It looked really cool, but appeared extremely cumbersome. Was it difficult to heft about?
Not really, no. There a picture of me holding it up in the air with one hand, so it was fine.
Do you consider Stairway To Heaven’s guitar solo to be your finest Zeppelin solo?
No, but it’s pretty damn good. If everyone else says it’s my best solo then that’s great, that’s good, but there are others that I prefer.
I’m not going to name them. I’m not going to argue with the public [laughs]. It’s a real thrill that Stairway has been voted and nominated here. It really honestly is. It’s incredible that the listening public still hold something that came out in 1971 in such great affection, because you do hope that your music is going to last.
It must be gratifying to be able to touch peoples’ lives in that way.
You can’t be any more fortunate than to take something which is your hobby, turn it into your passion and then turn it into your living. It’s marvellous to see something you’ve been involved with become part of people’s lives and make them happy. And to inspire new generations of musicians? You can’t be any more fortunate as a man than that.
What was the first guitar solo that you fell in love with?
How High The Moon by Les Paul & Mary Ford. I was just dazzled by the Les Paul recordings and I think most young guitarists were. When I first heard How High The Moon I just thought, ‘Goodness gracious, what is that?’ because it was so radically different from anything else that was going on. His whole guitar arrangements and orchestration. And the solos were just amazing.
Did hearing Les Paul’s recordings pique your curiosity about the recording process and encourage you to attempt to replicate what must have sounded impossible?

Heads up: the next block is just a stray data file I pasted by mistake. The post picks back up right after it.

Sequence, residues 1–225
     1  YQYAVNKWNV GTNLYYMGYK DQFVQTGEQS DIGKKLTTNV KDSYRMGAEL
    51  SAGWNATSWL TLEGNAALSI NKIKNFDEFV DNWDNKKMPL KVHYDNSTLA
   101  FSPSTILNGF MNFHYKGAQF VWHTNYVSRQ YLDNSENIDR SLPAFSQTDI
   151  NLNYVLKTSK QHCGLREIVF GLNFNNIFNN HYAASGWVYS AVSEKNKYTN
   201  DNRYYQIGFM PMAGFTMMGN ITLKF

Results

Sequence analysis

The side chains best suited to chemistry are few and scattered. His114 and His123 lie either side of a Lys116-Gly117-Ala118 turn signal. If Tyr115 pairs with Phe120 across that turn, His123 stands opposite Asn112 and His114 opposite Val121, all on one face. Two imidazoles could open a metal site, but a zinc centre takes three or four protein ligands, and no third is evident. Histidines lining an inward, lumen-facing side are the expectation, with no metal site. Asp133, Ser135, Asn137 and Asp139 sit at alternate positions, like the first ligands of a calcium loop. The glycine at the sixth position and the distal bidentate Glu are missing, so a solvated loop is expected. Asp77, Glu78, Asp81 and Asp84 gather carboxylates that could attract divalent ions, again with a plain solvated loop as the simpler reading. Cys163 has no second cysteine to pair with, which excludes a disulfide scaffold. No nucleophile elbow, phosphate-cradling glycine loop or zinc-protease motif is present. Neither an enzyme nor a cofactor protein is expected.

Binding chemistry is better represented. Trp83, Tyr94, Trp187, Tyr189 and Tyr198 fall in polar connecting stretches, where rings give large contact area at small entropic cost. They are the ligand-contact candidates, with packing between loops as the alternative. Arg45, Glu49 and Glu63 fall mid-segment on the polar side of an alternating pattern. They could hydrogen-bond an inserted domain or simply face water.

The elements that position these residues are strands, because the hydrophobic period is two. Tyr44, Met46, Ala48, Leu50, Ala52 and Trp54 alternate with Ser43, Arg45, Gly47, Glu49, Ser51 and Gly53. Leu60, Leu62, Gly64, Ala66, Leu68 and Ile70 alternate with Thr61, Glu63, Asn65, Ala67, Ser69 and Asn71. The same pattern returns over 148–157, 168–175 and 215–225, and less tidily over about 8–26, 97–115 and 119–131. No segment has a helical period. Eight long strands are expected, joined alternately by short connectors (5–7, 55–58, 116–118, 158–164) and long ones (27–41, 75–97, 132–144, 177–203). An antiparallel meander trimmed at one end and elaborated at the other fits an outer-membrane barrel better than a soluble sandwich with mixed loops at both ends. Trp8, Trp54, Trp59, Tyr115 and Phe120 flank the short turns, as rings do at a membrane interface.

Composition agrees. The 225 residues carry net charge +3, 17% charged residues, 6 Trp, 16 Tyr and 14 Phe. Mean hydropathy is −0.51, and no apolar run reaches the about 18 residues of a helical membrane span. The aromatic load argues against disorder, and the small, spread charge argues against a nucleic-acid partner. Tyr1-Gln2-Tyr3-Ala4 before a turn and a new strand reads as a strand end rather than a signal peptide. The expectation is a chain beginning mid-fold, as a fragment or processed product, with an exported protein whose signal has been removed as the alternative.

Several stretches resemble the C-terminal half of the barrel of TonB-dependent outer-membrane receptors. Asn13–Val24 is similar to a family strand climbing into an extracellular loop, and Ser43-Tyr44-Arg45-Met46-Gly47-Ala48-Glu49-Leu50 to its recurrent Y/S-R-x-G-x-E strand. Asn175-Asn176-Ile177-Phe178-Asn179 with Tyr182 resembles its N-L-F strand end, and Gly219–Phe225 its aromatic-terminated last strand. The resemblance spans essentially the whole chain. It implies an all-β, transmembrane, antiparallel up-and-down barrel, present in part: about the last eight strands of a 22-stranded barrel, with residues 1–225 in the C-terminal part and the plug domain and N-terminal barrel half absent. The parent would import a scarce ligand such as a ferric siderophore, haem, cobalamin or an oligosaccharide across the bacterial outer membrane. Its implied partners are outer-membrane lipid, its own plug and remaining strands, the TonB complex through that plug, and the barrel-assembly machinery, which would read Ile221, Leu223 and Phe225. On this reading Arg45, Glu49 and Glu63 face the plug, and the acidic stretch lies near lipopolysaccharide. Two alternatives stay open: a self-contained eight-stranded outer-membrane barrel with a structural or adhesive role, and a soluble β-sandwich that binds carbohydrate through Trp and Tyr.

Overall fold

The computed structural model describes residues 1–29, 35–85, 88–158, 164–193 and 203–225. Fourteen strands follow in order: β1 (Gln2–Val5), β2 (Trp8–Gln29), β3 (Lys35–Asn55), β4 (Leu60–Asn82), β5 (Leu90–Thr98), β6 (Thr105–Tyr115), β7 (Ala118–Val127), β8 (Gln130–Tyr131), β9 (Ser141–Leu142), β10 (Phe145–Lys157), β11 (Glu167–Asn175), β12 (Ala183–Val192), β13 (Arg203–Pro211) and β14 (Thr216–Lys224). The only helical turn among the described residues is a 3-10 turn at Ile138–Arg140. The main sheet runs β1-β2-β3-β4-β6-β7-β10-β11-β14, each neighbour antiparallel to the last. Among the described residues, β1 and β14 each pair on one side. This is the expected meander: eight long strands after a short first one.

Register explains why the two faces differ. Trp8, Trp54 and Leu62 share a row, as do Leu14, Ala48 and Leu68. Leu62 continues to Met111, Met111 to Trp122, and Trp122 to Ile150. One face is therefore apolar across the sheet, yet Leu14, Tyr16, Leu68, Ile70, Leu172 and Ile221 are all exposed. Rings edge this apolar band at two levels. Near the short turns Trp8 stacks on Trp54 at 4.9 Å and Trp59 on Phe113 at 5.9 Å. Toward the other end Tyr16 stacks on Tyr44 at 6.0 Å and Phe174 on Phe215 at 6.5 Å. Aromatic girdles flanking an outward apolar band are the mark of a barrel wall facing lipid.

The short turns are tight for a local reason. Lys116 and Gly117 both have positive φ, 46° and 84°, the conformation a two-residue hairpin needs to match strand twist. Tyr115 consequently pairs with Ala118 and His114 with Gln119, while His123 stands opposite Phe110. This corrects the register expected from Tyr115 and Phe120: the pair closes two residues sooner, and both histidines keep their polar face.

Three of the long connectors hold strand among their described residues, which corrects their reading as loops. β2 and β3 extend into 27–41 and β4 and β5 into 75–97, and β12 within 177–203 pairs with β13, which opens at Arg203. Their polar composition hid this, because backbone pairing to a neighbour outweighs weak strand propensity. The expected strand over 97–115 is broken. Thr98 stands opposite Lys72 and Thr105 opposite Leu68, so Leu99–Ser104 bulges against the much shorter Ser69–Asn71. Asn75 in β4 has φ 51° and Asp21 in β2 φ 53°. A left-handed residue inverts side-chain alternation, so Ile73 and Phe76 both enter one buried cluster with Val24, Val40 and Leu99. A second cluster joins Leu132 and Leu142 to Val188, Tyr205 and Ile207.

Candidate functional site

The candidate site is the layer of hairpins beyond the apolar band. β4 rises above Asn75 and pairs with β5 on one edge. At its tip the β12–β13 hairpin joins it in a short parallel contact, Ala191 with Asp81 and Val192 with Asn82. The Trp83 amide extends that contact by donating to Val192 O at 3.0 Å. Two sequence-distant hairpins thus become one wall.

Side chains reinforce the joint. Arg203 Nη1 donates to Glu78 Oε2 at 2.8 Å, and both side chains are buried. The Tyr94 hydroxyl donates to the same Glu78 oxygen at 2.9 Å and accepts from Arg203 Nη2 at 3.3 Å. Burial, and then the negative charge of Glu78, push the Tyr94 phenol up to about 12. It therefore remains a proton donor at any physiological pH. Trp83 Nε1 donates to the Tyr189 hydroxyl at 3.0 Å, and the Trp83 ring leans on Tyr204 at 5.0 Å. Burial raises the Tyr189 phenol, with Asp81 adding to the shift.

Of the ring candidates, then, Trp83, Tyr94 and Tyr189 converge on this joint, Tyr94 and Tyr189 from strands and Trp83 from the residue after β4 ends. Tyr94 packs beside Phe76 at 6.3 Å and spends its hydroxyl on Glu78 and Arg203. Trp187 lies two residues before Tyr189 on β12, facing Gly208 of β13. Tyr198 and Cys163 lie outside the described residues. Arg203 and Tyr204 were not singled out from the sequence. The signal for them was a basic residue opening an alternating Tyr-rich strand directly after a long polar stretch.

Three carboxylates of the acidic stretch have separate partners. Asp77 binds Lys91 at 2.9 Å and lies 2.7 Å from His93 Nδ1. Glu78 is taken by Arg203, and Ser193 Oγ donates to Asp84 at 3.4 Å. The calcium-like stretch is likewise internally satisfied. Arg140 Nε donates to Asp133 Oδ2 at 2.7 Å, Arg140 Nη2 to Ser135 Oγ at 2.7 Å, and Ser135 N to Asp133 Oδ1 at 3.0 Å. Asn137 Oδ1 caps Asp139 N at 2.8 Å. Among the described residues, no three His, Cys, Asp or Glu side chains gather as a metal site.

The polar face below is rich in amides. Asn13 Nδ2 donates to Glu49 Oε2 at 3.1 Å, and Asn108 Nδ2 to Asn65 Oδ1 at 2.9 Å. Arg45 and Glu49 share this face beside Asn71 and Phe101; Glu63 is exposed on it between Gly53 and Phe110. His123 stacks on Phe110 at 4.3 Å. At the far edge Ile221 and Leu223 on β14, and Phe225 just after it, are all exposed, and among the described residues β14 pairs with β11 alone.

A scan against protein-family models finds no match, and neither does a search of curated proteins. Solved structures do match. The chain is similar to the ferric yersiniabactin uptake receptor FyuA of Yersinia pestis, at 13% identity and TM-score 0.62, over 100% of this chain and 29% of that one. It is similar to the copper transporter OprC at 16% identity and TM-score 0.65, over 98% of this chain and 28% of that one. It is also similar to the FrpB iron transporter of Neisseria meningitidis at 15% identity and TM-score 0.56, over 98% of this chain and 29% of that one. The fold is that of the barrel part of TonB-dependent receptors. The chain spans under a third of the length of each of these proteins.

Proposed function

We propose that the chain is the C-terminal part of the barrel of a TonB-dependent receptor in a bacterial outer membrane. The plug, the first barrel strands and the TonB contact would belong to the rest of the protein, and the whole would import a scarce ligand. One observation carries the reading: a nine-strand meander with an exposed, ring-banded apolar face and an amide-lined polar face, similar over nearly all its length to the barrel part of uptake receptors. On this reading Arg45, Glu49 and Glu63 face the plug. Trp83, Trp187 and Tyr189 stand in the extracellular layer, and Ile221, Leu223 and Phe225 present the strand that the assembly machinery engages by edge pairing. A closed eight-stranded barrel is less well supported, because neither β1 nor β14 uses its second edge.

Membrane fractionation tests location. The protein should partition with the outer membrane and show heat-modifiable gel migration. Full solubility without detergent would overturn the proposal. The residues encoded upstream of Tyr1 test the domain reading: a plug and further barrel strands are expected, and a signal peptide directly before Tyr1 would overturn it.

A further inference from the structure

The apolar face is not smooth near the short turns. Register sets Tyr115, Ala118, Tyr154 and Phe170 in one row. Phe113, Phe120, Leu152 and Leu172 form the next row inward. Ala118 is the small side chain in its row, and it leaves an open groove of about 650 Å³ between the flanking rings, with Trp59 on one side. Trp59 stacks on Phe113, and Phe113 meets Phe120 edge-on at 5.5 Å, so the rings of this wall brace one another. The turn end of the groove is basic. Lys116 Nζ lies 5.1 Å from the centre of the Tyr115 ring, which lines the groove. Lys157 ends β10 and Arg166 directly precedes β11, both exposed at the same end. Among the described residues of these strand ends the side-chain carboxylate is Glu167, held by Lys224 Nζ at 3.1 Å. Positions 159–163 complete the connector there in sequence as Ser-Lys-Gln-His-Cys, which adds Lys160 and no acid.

It probably still is impossible [laughs]. I’d try to do home recordings to capture the spirit of what I heard. Specifically, what Sam Phillips was doing at Sun, what was going on at Chess, because I loved those recordings and the sounds they would get from the harmonicas. It wasn’t just about guitars for me, it was about groups.
Whether Presley with Scotty & Bill, Buddy Holly and The Crickets, Gene Vincent and His Blue Caps, Howlin’ Wolf and his outfit, the things that Muddy Waters was doing electrically. I was very interested in trying to recreate Little Walter’s harp sound. I got an old reverb unit and messed around.
Which is your favourite solo to play?
There’s no one favourite. I enjoy every solo I come up against, because each one I try and play differently each time. I never take it so easy that I could be playing along and thinking: ‘I wonder whether when I get back tonight I’m going to have fish and chips?’ I’m not one of those musicians. I’m really living it, right in the moment all the time, I always have been, and hopefully I always will be.
When I hear something like Since I’ve Been Loving You, where you extemporise at great length, I imagine you could get completely lost in the moment, close your eyes, forget where you are physically and just follow the music to where it takes you?
What, like a trance-like state? Absolutely, you’ve forgotten where you are through most of a set. I had a conversation once with William Burroughs about trance music and riff music, and repetition. Absolutely, that’s how it is.
Is there a solo that gives you a lot of trouble that you’ve been known to fuck up?
I don’t dread it, but the one that was testy, to say the least, to try and replicate, or at least to get a mean average of all the guitar parts on the record, was Achilles’ Last Stand. I really set myself a challenge to try and do that on stage with one guitar.
It’s nice to know that something gives you trouble. It’d be terrible for the rest of us if it all came easy to you.
No, nothing comes easy. Oh no, no, no, no… [laughs]. IF